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The town of Coshocton, OH (home of Roscoe Village, a historic site, located downtown, shown here) became the latest victim of the MPAA's legal crusade, when the organization demanded its free municipal Wi-Fi service be killed over an illegal download.  (Source: Cleveland Blog)

An MPAA spokeswoman says municipal Wi-Fi networks are havens for piracy. She suggests customers pursue legal alternatives like Netflix instead.  (Source: Gotokon)
Network enjoyed by police and citizens alike is no longer available

The MPAA turned its quest against filesharing from suing individual citizens to taking down a municipal Wi-Fi service.  Municipal Wi-Fi services, community maintained telecommunications services, have become a popular trend across the country, as they bring free service or lower prices -- as well as faster connections, sometimes.  However they are unpopular among telecoms whose have long enjoyed the benefits of exclusivity to justify expensive service plans and copyright protection organizations that feel municipal Wi-Fi networks create a haven for piracy.

Coshocton, OH had a thriving free municipal Wi-Fi program.  Then one user made the mistake of downloading a movie illegally off a torrent site, which Sony Picture's MPAA copyright enforcement team caught wind of.  The county’s Internet Service Provider — OneCommunity — was subsequently notified, and Information Technology Department was then notified by OneCommunity that the offender needed to be found or the service would need to be ended.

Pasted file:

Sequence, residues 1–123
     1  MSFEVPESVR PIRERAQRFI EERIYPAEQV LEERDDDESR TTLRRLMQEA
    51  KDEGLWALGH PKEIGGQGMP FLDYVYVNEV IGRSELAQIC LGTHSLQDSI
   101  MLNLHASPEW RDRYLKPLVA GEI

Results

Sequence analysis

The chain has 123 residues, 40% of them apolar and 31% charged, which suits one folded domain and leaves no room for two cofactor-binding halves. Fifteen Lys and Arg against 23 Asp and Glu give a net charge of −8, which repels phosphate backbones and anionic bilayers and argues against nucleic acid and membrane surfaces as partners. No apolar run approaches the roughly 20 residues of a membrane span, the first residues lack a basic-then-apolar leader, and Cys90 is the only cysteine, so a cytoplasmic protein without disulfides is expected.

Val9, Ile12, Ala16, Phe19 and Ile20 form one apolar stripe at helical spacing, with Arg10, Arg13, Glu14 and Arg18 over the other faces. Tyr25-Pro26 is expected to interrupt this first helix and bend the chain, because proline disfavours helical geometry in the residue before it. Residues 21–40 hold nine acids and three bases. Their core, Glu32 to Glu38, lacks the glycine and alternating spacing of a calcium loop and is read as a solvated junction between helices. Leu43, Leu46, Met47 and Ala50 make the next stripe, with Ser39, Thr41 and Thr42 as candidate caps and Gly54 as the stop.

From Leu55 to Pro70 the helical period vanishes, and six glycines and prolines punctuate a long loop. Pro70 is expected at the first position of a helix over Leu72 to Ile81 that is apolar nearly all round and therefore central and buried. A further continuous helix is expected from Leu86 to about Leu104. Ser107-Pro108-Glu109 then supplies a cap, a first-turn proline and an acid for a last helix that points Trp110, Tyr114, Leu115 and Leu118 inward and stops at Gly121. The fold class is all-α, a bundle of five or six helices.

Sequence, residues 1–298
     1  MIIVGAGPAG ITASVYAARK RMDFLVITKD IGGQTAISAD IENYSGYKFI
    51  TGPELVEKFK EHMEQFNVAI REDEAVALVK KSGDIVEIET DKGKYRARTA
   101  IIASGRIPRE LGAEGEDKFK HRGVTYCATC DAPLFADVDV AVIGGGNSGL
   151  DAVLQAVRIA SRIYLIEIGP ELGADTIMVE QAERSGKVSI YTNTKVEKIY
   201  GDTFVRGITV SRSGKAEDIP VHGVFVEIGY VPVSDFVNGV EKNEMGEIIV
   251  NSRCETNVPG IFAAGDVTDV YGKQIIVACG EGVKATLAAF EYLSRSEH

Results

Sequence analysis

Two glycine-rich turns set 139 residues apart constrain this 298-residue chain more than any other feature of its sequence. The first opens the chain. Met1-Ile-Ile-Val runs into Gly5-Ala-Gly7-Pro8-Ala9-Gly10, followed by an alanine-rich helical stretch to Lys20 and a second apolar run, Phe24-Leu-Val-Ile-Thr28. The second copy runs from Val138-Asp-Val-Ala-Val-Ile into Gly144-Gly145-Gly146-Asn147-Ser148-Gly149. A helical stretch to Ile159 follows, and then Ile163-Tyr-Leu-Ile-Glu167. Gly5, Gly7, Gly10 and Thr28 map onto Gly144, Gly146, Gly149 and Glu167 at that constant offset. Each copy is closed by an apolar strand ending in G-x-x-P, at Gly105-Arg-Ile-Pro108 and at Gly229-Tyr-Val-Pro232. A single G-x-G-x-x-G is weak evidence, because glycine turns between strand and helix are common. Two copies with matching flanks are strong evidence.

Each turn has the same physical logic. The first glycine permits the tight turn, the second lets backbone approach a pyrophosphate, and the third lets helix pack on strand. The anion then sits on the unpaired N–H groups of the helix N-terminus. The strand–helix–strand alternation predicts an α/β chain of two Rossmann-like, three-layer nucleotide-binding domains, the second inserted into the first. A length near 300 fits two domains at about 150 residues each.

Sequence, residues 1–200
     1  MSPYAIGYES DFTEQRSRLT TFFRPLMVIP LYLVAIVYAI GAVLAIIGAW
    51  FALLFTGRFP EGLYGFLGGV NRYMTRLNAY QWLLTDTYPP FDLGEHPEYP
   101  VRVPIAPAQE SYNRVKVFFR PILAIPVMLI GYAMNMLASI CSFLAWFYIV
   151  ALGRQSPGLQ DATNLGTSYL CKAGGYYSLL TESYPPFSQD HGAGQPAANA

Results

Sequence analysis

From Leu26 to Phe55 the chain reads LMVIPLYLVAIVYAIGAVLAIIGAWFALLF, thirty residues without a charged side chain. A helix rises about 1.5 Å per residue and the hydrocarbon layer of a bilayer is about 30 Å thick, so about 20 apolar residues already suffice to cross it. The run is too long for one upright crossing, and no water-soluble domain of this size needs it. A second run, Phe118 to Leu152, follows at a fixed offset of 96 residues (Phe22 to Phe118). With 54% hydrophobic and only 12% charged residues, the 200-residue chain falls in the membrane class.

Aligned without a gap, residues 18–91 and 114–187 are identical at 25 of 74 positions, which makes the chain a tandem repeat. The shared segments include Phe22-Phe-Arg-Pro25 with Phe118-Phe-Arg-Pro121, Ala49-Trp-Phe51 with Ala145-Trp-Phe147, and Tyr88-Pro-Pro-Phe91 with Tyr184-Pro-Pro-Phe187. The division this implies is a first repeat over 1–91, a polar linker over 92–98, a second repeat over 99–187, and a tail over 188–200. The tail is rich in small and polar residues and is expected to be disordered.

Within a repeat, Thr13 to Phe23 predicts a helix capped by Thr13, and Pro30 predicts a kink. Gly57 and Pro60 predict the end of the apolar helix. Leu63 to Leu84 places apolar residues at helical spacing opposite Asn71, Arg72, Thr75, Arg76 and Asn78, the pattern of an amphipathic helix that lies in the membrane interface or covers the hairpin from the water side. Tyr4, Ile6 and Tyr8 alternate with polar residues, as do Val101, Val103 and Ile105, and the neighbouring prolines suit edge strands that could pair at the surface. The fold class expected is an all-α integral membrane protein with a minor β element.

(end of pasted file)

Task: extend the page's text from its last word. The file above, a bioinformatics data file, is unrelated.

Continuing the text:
Elizabeth Kaltman, vice president of corporate communications with the Motion Picture Association of America says municipal Wi-Fi are spreading the evils of piracy across America.  She states, "[Piracy on municipal Wi-Fi networks is] a very, very common occurrence all across the U.S., in towns big or small.  [Citizens are] used to instant access and instant gratification.  They have the philosophy ‘if it’s there, I can take it.’"

She suggests that law-abiding citizens use on-demand services from sources like Netflix and Blockbuster, Disney Video, Fox on Demand, Cartoon Network.  She also suggests citizens check out the MPAA website for a full list of legal options.